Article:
At a "press availability" afterwards, Secretary Clinton made no mention of Yang's outburst. Instead she said that "like every nation," the US too had "a national interest in freedom of navigation, open access to Asia's maritime commons, and respect for international law in the South China Sea." (Analysts seeking signs of a new Sino-American cold war were free to construe her reference to a US "national interest" in accessing the Sea as a riposte to China's apparent "core interest" in possessing it.)

While noting that the US "does not take sides" in the "territorial disputes over land features in the South China Sea" - the emphasis is mine - Clinton described the US position as:

(1) opposed to "the use or threat of force by any claimant";

(2) favoring a collaborative process for resolving these disputes in accord with the UN Convention on the Law of the Sea (despite, I would add, the failure of the US to ratify it, an omission she said her administration hoped to correct);

(3) supporting the "Declaration on the Conduct of Parties in the South China Sea" (DOC) that China and the ASEAN states co-signed in 2002, encouraging the parties to agree on "a full [i.e., binding] code of conduct," and offering to "facilitate initiatives and confidence building measures" consistent with the Declaration; and

(4) believing that, "consistent with customary international law, legitimate claims to maritime space in the South China Sea should be derived solely from legitimate claims to land features"(with the emphasis, again, my own). [6]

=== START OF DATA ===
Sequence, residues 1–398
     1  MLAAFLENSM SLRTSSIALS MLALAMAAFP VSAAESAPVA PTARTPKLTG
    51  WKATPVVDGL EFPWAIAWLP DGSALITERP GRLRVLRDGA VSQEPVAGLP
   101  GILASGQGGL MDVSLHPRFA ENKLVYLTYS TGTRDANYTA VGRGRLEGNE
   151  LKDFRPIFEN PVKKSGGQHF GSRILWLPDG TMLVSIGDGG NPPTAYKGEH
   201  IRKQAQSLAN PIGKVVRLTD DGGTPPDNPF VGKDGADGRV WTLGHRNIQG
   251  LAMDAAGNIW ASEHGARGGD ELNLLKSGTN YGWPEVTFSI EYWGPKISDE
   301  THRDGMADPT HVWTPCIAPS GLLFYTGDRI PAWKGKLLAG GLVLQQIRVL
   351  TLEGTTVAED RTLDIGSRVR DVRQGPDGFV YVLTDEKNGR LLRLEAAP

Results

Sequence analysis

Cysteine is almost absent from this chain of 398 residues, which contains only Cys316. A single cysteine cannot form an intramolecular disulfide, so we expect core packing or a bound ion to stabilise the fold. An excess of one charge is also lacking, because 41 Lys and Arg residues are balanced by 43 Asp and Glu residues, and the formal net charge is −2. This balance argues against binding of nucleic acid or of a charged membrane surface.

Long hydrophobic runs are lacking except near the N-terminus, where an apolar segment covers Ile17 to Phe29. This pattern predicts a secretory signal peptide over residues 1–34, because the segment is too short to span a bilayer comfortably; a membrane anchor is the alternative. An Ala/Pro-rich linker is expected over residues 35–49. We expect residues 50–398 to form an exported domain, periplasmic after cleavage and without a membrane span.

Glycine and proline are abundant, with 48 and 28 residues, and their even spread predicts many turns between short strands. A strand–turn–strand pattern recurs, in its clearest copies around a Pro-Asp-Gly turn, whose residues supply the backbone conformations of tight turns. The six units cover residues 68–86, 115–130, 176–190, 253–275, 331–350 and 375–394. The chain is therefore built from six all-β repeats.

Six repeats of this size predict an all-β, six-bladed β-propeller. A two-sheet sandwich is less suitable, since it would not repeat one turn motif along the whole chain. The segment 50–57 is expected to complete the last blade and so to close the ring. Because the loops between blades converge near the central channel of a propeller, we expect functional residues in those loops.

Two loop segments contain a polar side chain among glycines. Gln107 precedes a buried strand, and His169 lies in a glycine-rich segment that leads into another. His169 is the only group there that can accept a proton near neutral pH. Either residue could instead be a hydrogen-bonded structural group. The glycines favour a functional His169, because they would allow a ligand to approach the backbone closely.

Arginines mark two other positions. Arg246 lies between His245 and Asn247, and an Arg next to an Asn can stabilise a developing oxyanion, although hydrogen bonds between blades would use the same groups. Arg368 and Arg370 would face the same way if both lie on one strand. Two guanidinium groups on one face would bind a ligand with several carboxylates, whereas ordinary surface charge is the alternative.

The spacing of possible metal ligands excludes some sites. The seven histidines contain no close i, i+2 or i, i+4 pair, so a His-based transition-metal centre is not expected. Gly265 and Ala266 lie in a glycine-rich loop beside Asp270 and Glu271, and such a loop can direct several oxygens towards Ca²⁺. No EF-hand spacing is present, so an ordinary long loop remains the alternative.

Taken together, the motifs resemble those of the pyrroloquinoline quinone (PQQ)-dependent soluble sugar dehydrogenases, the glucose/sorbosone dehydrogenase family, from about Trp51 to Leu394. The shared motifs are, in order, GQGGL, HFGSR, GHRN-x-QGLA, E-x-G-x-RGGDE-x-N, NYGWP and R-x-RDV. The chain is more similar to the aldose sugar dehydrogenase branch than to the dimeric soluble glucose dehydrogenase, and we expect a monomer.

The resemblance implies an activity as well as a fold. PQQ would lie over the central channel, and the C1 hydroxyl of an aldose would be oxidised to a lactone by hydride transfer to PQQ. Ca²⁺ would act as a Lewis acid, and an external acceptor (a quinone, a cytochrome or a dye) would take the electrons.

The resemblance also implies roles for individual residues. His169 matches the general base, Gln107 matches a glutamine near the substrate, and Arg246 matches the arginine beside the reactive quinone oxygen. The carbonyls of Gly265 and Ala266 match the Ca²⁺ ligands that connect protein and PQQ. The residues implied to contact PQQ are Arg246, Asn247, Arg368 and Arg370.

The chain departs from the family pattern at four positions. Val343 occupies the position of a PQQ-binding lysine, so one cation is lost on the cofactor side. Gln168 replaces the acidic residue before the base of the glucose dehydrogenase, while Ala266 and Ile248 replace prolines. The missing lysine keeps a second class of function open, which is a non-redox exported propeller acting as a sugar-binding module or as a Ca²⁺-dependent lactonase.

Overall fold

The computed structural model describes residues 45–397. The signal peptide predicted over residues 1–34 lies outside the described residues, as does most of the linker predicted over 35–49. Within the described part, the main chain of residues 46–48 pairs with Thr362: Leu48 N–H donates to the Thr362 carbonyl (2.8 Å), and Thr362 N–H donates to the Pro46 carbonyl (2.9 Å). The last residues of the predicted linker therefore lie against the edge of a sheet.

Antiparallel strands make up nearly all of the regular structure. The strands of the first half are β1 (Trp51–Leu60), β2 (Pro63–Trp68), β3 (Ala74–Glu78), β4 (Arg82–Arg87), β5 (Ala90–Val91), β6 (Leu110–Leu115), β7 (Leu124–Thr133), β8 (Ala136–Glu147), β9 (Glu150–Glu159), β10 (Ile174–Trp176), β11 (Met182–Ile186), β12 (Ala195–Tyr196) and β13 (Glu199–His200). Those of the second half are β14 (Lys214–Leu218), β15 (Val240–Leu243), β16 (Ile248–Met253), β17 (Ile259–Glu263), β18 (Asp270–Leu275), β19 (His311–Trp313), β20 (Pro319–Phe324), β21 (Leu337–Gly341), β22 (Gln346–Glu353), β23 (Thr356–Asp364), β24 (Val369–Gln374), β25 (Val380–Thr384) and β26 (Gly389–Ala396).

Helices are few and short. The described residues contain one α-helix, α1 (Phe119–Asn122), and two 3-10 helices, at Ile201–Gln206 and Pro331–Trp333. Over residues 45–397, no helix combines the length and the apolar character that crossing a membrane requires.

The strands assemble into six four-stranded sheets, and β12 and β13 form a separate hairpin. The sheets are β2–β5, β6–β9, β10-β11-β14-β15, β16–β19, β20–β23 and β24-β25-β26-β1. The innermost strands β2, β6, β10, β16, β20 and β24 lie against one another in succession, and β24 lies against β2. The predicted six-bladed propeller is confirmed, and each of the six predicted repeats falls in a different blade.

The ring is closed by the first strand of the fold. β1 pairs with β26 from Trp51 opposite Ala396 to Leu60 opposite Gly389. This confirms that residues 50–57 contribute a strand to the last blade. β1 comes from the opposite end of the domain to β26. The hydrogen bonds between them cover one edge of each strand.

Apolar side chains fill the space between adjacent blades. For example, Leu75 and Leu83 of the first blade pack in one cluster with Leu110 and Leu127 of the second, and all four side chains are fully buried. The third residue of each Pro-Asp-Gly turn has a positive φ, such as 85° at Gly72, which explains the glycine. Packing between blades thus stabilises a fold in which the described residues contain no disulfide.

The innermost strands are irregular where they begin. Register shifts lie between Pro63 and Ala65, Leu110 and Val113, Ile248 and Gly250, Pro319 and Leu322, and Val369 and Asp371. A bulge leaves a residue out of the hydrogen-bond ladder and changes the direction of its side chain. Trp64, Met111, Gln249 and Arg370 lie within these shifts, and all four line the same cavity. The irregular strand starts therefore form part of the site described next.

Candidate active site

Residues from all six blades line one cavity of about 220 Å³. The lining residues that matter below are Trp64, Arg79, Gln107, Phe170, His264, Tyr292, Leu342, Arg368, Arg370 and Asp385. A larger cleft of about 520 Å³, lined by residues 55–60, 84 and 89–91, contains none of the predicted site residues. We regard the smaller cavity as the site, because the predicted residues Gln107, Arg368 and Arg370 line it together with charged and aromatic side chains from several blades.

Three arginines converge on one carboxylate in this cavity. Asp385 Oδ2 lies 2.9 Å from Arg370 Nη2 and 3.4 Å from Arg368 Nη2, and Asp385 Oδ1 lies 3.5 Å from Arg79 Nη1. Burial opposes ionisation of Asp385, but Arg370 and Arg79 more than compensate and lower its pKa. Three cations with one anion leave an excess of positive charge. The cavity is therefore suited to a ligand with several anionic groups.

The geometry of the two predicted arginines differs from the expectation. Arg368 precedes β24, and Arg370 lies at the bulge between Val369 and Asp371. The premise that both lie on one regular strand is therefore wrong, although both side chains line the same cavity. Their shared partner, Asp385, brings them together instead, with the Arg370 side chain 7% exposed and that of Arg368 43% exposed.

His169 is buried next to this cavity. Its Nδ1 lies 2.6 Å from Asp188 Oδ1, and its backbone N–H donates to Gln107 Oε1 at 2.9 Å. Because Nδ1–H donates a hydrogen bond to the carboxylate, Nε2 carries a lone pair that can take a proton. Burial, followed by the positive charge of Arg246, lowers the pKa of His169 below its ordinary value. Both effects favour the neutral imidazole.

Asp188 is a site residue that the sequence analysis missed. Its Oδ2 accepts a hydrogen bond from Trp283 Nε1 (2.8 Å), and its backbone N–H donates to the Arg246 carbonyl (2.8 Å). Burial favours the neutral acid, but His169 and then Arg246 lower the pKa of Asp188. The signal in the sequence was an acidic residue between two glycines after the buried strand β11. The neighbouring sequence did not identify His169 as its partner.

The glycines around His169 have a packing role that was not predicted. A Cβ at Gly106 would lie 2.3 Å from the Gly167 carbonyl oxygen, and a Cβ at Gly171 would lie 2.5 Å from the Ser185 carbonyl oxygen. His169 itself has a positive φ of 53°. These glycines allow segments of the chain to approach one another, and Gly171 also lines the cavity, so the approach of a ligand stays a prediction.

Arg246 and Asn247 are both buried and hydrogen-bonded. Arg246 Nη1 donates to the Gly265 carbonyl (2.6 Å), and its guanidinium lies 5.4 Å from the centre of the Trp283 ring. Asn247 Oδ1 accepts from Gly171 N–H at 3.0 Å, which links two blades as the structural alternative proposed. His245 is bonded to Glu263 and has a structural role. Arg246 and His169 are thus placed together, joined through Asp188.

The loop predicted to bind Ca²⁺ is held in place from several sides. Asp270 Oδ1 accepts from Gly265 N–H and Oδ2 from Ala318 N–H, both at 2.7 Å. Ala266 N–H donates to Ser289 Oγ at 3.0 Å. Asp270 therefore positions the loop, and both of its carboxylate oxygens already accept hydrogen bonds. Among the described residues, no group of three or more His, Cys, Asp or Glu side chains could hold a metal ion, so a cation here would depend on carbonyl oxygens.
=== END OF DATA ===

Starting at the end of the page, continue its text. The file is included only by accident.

It is tempting to dismiss Yang's outburst as much ado about nothing. Clinton did not, after all, explicitly oppose China's claim. Nor did she back any rival claim. Yet arguably each of her four points, if not actually aimed at Beijing, could be said to challenge the Chinese position insofar as it can be ascertained. The opacity of China's stand on the Sea, which Beijing has not clearly or consistently explained, makes it hard to know just what would constitute a challenge in this context.

Reviewing Clinton's four points in the light of China's behavior, one could conclude that, on the first score, Beijing has already used force - against Vietnamese fisherman, for example. As for observing the Law of the Sea, although China did sign on, its endorsement was conditioned with reservations that - in the published view of analyst Marvin Ott and the unpublished opinions of several of my informants - make that ratification "almost meaningless." [7]

Clinton's third point, in support of the DOC, could be taken as criticism of China's unwillingness to upgrade the Declaration into a binding code of conduct. Last but not least, Clinton's case for deriving legitimate claims to sea space "solely from legitimate claims to land features" seems to contradict the sheer amplitude of Beijing's nine-dash tongue, encompassing as it almost does the entire South China Sea. 

Continued 1 2  


Japan poured oil on troubled waters
(Oct 2, '10)

China tests the cool of Zen Japan
(Sep 29, '10)